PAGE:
FILE - This composite of March 2015 photos made available by NASA shows a shallow crater called Spirit of St. Louis, about 110 feet (34 meters) long and about 80 feet (24 meters) wide, with a floor slightly darker than surrounding terrain.
This composite of March 2015 photos made available by NASA shows a shallow crater called Spirit of St. Louis, about 110 feet (34 meters) long and about 80 feet (24 meters) wide, with a floor slightly darker than surrounding terrain. VOA

Its identical twin, Spirit, was pronounced dead in 2011, a year after it got stuck in sand and communication ceased.

Both outlived and outperformed expectations, on opposite sides of Mars. The golf cart-size rovers were designed to operate as geologists for just three months, after bouncing onto our planetary neighbor inside cushioning air bags in January 2004. They rocketed from Cape Canaveral a month apart in 2003.

It’s no easier saying goodbye now to Opportunity, than it was to Spirit, project manager John Callas told The Associated Press.

“It’s just like a loved one who’s gone missing, and you keep holding out hope that they will show up and that they’re healthy,” he said. “But each passing day that diminishes, and at some point you have to say ‘enough’ and move on with your life.”

Deputy project scientist Abigail Fraeman was a 16-year-old high school student when Opportunity landed on Mars; she was inside the control center as part of an outreach program. Inspired, Fraeman went on to become a planetary scientist, joined NASA’s Jet Propulsion Laboratory in Pasadena, California, and ended up deputy project scientist for Opportunity.

“It gives you an idea just how long this mission has lasted,” she said. “Opportunity’s just been a workhorse … it’s really a testament, I think, to how well the mission was designed and how careful the team was in operating the vehicle.”

This Jan. 4, 2018 photo made available by NASA shows a view from the front Hazard Avoidance Camera of the Opportunity rover on the inboard slope of the western rim of Endeavour Crater on the planet Mars.
This Jan. 4, 2018 photo made available by NASA shows a view from the front Hazard Avoidance Camera of the Opportunity rover on the inboard slope of the western rim of Endeavour Crater on the planet Mars. VOA

Rather than viewing the dust storm as bad luck, Callas considers it good luck that we skirted so many possible storms over the years. Global dust storms typically kick up every few years, and “we had gone a long time without one.”

Unlike NASA’s nuclear-powered Curiosity rover still chugging along on Mars, Opportunity and Spirit were never designed to endure such severe weather.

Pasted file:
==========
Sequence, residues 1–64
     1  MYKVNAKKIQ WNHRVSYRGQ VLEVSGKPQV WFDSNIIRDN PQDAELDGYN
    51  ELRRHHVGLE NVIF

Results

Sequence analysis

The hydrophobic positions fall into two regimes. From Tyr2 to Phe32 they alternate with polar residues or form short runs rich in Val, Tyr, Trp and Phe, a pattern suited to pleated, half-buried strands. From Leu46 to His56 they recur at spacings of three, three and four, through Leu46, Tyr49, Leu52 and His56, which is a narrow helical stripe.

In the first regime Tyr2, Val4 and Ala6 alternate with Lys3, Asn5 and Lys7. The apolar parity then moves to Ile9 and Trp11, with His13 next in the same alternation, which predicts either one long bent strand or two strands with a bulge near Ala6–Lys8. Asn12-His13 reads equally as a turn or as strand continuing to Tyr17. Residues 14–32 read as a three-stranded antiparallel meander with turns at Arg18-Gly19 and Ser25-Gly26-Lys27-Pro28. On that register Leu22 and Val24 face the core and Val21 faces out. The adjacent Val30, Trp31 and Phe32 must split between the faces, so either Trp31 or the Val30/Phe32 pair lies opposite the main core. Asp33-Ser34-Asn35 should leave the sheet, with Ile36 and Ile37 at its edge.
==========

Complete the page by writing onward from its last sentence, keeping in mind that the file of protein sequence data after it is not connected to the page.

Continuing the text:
Cornell University’s Steve Squyres, lead scientist for both Opportunity and Spirit, considers succumbing to a ferocious storm an “honorable way” for the mission to end.

“You could have lost a lot of money over the years betting against Opportunity,” Squyres told the AP Tuesday.

This image sent by NASA’s Opportunity rover on Jan. 7, 2015 shows a view from atop a Martian hill. Opportunity spent several days at the summit making pictures that engineers will stitch into a color panorama.
This image sent by NASA’s Opportunity rover on Jan. 7, 2015 shows a view from atop a Martian hill. Opportunity spent several days at the summit making pictures that engineers will stitch into a color panorama. VOA

The rovers’ greatest gift, according to Squyres, was providing a geologic record at two distinct places where water once flowed on Mars, and describing the conditions there that may have supported possible ancient life.

NASA last heard from Opportunity on June 10. Flight controllers tried to awaken the rover, devising and sending command after command, month after month. The Martian skies eventually cleared enough for sunlight to reach the rover’s solar panels, but there was still no response. Now it’s getting colder and darker at Mars, further dimming prospects.

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Engineers speculate the rover’s internal clock may have become scrambled during the prolonged outage, disrupting the rover’s sleep cycle and draining on-board batteries. It’s especially frustrating, according to Callas, not knowing precisely why Opportunity — or Spirit — failed.

Now it’s up to Curiosity and the newly arrived InSight lander to carry on the legacy, he noted, along with spacecraft in orbit around Mars.

As for Opportunity, “It has given us a larger world,” Callas said. “Mars is now part of our neighborhood.”(VOA)